Oil Volatility Weakens as Futures Drop From 26-Month High

Oil options volatility weakened as the underlying crude futures dropped from a 26-month high on increased investor sales after the contract failed to hold above a $90 resistance level.

Implied volatility for at-the-money options expiring in February, a measure of expected price swings in futures and a gauge of options prices, was 31.1 percent as of 4 p.m. in New York, down from 31.8 percent yesterday.

Crude oil for January delivery declined 69 cents to settle at $88.69 a barrel on the New York Mercantile Exchange.

Crude oil slipped 0.8 percent after touching $90.76 a barrel earlier today when President Barack Obama said that he’ll agree to a two-year extension on all tax cuts introduced by President George W. Bush in a compromise he called “an essential step on the road to recovery.”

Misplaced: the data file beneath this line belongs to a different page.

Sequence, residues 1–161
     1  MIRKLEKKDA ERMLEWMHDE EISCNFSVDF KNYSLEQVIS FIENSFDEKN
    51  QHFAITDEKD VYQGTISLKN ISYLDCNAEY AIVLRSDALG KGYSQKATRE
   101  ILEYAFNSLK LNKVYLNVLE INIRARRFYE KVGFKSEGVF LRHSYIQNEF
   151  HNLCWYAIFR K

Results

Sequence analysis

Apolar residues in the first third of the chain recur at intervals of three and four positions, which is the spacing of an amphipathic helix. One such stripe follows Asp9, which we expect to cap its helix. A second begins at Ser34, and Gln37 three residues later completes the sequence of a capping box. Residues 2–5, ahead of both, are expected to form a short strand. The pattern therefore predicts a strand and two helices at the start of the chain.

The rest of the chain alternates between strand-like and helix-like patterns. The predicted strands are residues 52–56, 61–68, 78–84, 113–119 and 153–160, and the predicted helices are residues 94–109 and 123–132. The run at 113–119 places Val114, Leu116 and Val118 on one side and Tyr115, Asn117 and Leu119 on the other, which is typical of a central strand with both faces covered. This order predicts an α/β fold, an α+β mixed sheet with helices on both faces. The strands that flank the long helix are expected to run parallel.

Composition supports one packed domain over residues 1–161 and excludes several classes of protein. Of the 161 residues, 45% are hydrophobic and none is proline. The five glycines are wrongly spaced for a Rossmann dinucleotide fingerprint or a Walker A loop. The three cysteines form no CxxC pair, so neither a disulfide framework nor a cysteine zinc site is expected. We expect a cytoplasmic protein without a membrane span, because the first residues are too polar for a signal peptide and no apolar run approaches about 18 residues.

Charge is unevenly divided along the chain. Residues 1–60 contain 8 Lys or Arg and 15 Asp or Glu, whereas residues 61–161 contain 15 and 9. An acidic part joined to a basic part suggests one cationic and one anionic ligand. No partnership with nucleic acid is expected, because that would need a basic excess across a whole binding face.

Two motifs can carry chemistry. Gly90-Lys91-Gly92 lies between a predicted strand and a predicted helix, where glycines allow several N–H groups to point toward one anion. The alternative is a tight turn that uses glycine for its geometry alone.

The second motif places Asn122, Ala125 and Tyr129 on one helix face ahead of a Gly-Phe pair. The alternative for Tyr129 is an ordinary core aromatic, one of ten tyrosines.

March $70 puts were the most active options in electronic trading today with 6,828 lots changing hands as of 4:19 p.m. They were unchanged at 36 cents a barrel. January $85 puts, the next-most active contract, rose 16 cents to 59 cents a barrel with 2,571 contracts trading.

The exchange distributes real-time data for electronic trading and releases information on floor trading, where the bulk of options trading occurs, the next business day.

February $80 puts were the most active options traded yesterday with 8,926 lots changing hands. They fell 6 cents to 81 cents. June $120 calls, the next-most active option, dropped 3 cents to 73 cents with 5,900 contracts traded.

Open interest was highest yesterday for December 2011 $100 calls with 45,812 contracts. Next were December 2011 $120 calls with 32,400 and February $100 calls at 28,917 lots.

To contact the reporter on this story: Samantha Zee in San Francisco at szee@bloomberg.net

To contact the editor responsible for this story: Dan Stets at dstets@bloomberg.net.

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